Thursday, July 4, 2013

Hug a Bee! Protect Our Pollinators.

Who said summer is stress-free and relaxing? Good grief, we've been on the go more in the past three weeks of summer vacation than during the school year! Last week, I tallied 159.3 miles driven in ONE DAY, taking the kids to zoo camp and horseback riding lessons. 

Thank goodness I drive a Prius.

Still, I've felt a little stressed this summer for another reason, and it has nothing to do with spending hours in a car.

Our garden is curiously bare.

The pollinators are missing.

Granted, I've seen a few. But in our organic garden, we normally find dozens of caterpillars, happily munching on fennel, dill, and parsley. We watch hummingbirds chase one another around the lantana and the feeders. Butterfly photos crowd my camera, as I try to capture just one. more. shot.

And the bees? Normally, I'm making certain my Epi-pen is within easy grasp.

But this year, the garden is disturbingly quiet.

We've always planted for the pollinators. Whether it's including host plants for larva, like fennel and parsley, or ensuring we have many blooming nectar sources, pollinators typically party in our gardens.

We don't spray--not even organic pesticides, as we know those "safe" sprays can also kill beneficial insects.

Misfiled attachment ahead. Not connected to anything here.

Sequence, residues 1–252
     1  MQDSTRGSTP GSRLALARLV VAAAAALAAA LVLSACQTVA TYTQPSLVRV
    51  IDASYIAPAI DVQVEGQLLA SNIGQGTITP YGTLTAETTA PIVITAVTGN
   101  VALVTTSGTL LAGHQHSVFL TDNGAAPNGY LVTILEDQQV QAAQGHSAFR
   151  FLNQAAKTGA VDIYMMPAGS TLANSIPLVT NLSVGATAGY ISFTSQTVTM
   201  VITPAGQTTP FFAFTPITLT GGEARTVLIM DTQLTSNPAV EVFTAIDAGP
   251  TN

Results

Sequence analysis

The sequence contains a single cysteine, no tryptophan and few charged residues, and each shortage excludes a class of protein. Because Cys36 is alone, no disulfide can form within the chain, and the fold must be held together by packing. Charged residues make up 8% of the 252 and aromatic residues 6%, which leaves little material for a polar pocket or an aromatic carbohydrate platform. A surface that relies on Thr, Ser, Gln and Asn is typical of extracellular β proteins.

Sadly, though, we can't control our neighbors' actions. 

Of course, we worry about colony collapse disorder, but did you hear about the travesty in Oregon, with pesticides killing more than 25,000 bumblebees? Even if we practice organic growing and invite pollinators to our gardens, a mass destruction of pollinators by one irresponsible landscaping company dramatically impacts the ecosystem.

And then, on the heels of the Oregon disaster, 37 million honeybees died in Elmwood, Ontario. The cause? Experts point to insecticides called neonicotinoids, used in planting corn and other crops, as the likely culprit.

It's heartbreaking. Obviously, our garden is not alone in pollinator decline.

Have you seen the photos from Whole Foods Market making the rounds on Facebook? Without pollinators, our selections for dinner look rather bleak.

Ironically, this spring I added two small pollinator gardens near our large kitchen garden, hoping to showcase the importance of planting for pollinators. Granted, I installed the gardens quickly prior to the CFSA Farm Tour so that we could jump-start conversations about the need to protect pollinators. (We already have many host plants in the herb garden and forest surrounding the raised beds.)

It worked well--at least, in launching conversations. But to my dismay, many of the host plants remain pristine, while in previous years we joked about the decimated dill and holey parsley. We WANT these plants to look ratty and tattered, because it means that lovely little caterpillars are getting the nutrition they need to become beautiful butterflies.